Matthew wrote a Gospel in the New Testament in about 60 or 65 CE. Being a tax collector, he was probably one of the more educated of the Apostles, and scholars believe he would have written the pages in Hebrew or Aramaic.

Matthew, Mark, and Luke are the synoptic gospels, as they recount many of the same events, whereas the book of John includes events and conversations unique to that gospel. (Mark and Luke weren’t among the twelve Apostles. Mark was a close friend of Simon Peter. Luke, who also authored Acts of the Apostles, was a physician known for his compassionate care of the bodily and spiritual needs of the poor).

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Jude Thaddeus was a farmer from Galilee, the brother of James the Less and possibly the half-brother of Jesus. He is only mentioned in the New Testament among the list of the men present at the Pentecost, the symbolic beginning of the Apostles missionary travels.

The Apostle Jude preached in Israel, Syria, and Turkey. He is often pictured carrying an image of Jesus, and is known as the patron saint of “lost causes.”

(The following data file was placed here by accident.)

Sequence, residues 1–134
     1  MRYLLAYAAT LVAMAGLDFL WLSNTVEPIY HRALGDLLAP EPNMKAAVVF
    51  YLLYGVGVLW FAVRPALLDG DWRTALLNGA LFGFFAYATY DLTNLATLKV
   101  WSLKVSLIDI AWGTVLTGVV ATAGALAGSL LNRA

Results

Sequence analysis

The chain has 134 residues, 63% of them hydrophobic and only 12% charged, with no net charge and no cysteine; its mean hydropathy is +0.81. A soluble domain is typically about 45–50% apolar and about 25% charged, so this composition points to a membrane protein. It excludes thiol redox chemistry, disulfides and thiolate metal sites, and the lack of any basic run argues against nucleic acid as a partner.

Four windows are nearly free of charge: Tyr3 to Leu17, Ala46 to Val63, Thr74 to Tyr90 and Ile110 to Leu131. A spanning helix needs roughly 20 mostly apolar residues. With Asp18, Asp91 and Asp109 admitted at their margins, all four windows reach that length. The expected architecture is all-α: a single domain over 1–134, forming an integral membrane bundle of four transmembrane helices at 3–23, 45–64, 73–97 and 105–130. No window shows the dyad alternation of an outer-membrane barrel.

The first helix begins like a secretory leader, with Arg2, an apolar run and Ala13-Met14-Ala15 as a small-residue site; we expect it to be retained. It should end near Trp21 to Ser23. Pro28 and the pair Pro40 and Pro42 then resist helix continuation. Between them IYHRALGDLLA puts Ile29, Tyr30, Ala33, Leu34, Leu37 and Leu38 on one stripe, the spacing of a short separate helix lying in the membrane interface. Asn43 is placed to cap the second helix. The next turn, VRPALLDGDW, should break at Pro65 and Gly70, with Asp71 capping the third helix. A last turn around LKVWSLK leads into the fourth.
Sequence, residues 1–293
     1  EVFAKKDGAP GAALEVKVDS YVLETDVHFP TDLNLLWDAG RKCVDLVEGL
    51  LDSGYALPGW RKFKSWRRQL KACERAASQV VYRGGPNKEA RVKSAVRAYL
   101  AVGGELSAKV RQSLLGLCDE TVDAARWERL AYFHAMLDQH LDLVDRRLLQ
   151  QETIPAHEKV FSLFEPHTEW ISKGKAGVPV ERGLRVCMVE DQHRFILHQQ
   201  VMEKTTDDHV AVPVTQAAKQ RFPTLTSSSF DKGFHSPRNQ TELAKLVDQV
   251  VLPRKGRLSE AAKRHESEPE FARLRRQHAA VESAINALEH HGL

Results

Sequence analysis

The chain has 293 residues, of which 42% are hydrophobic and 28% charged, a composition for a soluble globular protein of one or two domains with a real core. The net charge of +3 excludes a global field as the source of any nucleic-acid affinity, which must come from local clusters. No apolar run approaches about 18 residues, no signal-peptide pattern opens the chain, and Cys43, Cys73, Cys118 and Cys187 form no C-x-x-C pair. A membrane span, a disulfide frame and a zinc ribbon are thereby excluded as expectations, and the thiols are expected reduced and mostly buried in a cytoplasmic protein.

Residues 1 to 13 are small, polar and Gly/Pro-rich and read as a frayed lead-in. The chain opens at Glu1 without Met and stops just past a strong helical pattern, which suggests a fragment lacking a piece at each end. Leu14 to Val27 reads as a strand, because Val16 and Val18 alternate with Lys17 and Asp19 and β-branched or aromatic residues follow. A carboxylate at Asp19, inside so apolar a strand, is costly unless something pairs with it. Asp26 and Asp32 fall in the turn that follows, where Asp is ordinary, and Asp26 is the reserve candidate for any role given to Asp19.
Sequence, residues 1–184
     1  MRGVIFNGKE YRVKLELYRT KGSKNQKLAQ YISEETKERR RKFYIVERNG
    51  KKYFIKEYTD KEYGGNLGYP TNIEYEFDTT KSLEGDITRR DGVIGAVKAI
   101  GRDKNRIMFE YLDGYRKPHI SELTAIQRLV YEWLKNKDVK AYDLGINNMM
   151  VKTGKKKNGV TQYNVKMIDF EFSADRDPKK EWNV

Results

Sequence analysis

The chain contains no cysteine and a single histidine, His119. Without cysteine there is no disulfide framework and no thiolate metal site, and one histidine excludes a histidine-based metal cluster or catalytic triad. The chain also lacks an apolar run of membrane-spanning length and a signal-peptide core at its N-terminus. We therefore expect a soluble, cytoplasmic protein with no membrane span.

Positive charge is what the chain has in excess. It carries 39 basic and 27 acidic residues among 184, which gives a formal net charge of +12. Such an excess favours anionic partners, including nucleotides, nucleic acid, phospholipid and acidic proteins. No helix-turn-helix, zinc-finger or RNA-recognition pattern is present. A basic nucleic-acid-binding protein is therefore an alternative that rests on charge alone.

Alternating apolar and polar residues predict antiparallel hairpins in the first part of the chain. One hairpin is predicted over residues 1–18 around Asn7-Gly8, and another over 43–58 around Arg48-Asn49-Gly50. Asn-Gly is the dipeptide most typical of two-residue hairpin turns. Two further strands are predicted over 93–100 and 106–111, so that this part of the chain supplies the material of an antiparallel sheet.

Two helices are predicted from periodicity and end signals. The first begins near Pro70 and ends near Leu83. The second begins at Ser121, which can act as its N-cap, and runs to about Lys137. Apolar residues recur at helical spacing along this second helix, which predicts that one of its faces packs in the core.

Around 65-70 CE, the Apostle Jude wrote an epistle that is included in the New Testament as the Book of Jude. He was warning believers that there were those among them who were misinterpreting the death and resurrection of Jesus to mean that they could do whatever they wanted because they’d be forgiven. The Apostle reminds the Christians to live by the teachings of Jesus and to strengthen their Christian communities.

Jude Thaddeus was killed shortly after writing the letter. Most sources say he was traveling with Simon the Zealot in Syria where the men were captured and beaten to death. His remains are in St. Peter’s Basilica in Rome.

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And last, Simon the Zealot, the apostle Matthew and Jude Thaddeus seem to be arguing with.

Sources disagree about why Simon was called “the Zealot” in his brief mention in the New Testament. Was it because he was part of a political group who opposed the Roman Empire’s rule of the Jewish holy land, or was he simply known for his enthusiastic loyalty to Jesus?

He was said to have traveled to Armenia and Persia, modern-day Iran, where he met up with the Apostle Jude Thaddeus. Some rumors relate that Simon was put to death, sawed to pieces, in about 65 CE. Others say that he and Jude Thaddeus were killed together.